So I decided to give it another try. One Friday after work I screwed up my courage and ventured into the cavernous church that hosted the late service, famous among singles for the scene that unfolded afterwards on its wide, crumbling stone steps. If you hung around long enough after "Aleinu" you might find a date, or at least a group with whom to go to a Chinese restaurant. Not quite as nice as a traditional Shabbat dinner, but certainly better than microwaved lasagna in front of the TV. The social pressure of this ritual seemed far more intimidating than the religious stuff; it was bad enough to be ignored by fellow worshippers, but even worse that the rejection might continue after the service ended.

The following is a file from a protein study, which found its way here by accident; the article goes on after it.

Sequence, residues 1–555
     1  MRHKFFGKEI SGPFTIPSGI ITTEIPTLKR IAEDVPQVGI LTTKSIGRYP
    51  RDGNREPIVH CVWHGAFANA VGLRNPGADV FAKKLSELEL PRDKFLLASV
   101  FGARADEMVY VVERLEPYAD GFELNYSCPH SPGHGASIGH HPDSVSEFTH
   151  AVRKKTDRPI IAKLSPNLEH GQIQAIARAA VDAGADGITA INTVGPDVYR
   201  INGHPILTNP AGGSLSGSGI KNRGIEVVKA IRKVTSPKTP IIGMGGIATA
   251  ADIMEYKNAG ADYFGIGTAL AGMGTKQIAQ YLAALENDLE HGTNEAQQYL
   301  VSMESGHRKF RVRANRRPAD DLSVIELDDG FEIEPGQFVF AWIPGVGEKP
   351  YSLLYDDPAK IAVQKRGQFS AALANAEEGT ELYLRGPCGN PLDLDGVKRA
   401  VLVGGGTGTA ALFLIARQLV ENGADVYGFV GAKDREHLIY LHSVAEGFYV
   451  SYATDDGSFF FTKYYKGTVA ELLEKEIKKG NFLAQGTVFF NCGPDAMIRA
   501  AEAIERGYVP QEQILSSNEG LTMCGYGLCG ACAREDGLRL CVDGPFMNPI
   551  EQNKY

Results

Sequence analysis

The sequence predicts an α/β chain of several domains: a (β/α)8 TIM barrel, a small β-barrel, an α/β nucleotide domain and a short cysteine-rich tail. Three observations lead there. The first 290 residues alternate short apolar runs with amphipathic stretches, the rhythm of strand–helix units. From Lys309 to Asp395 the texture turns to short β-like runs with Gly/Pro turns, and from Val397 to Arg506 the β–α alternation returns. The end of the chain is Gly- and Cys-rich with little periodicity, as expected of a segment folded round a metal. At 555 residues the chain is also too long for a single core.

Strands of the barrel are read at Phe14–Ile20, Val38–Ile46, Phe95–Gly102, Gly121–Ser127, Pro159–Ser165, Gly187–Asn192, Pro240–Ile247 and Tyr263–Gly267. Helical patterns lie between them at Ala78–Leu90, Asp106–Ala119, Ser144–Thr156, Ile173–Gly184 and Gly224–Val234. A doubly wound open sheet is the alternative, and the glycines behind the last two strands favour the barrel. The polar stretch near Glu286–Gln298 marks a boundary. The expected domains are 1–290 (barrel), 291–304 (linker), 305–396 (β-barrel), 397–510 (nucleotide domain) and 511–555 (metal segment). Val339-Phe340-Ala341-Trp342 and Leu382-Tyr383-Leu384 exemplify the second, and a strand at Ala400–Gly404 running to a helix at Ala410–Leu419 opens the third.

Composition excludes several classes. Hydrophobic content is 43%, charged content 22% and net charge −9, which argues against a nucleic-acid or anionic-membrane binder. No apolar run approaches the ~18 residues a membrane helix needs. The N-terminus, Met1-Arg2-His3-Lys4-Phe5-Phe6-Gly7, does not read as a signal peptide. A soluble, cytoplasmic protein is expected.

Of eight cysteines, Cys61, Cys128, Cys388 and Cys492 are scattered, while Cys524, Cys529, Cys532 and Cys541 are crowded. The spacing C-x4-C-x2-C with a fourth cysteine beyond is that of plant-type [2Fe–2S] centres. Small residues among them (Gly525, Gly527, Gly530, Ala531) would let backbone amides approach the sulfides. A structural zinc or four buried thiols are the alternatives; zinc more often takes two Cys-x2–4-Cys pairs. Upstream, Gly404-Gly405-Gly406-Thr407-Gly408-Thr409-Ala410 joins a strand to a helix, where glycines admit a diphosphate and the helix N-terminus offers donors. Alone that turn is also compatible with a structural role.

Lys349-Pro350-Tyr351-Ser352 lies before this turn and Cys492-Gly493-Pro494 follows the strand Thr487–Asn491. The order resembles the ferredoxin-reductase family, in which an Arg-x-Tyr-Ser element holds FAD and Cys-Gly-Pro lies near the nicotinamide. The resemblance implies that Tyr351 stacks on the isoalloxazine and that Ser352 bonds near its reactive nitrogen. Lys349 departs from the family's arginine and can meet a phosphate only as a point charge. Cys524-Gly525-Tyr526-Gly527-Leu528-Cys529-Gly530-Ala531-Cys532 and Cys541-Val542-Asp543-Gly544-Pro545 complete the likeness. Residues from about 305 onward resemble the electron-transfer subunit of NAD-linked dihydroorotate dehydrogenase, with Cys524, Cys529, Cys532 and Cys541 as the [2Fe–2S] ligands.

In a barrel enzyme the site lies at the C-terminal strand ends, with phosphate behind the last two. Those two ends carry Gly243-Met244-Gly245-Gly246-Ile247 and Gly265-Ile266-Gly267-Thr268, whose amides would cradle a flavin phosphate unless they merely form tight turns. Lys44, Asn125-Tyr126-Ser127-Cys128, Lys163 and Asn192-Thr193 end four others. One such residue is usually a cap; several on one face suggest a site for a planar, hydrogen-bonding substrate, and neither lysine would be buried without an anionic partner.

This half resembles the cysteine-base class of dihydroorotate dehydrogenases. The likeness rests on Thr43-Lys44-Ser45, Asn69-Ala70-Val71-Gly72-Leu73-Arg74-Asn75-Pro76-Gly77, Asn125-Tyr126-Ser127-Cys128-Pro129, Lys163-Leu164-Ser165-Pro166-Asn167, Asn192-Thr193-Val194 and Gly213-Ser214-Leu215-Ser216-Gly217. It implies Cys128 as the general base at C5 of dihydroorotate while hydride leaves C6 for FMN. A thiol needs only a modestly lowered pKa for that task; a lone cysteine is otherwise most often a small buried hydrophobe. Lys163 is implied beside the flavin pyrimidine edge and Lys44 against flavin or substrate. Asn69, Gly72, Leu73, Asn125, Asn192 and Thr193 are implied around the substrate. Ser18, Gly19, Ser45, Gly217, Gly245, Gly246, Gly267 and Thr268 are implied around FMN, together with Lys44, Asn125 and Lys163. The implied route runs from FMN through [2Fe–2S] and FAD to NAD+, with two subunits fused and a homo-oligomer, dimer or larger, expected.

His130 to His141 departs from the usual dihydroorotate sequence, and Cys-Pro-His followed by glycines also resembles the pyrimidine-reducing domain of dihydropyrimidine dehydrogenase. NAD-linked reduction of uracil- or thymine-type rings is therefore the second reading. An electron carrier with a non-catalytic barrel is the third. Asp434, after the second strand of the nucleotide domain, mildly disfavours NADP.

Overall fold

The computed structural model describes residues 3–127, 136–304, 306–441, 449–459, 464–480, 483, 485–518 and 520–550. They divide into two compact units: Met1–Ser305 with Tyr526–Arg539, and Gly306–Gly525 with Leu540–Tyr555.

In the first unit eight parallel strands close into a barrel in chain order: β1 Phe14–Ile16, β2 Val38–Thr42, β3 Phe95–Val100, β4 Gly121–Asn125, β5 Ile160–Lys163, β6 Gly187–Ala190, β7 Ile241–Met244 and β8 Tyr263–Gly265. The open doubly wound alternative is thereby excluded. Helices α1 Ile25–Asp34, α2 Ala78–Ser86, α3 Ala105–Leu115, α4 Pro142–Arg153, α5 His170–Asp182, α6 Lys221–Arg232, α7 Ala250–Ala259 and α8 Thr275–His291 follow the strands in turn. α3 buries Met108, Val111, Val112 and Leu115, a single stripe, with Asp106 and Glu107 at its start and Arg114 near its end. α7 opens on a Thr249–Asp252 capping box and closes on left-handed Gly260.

I vowed to run down the steps at the end and not look in either direction. I walked inside and sat in the very back row; everyone up front looked like ants. It was early, and people had just started to trickle in--groups of friends, men and women around my age, some looking frazzled and others relieved as they scoped out the crowd for the best possible seats; some all alone and wary, like myself; and a sprinkling of of grey hair. No kids at all, unlike on Saturday morning. I watched as the trickle slowly changed to a deluge, and after fifteen minutes there was barely a space free in the pews. Even the balcony was full. I realized, with shock and also a kind of joy, that there must be over a thousand people in the church--all of them Jews, and most in their 30s. I had never seen so many of us in one place before.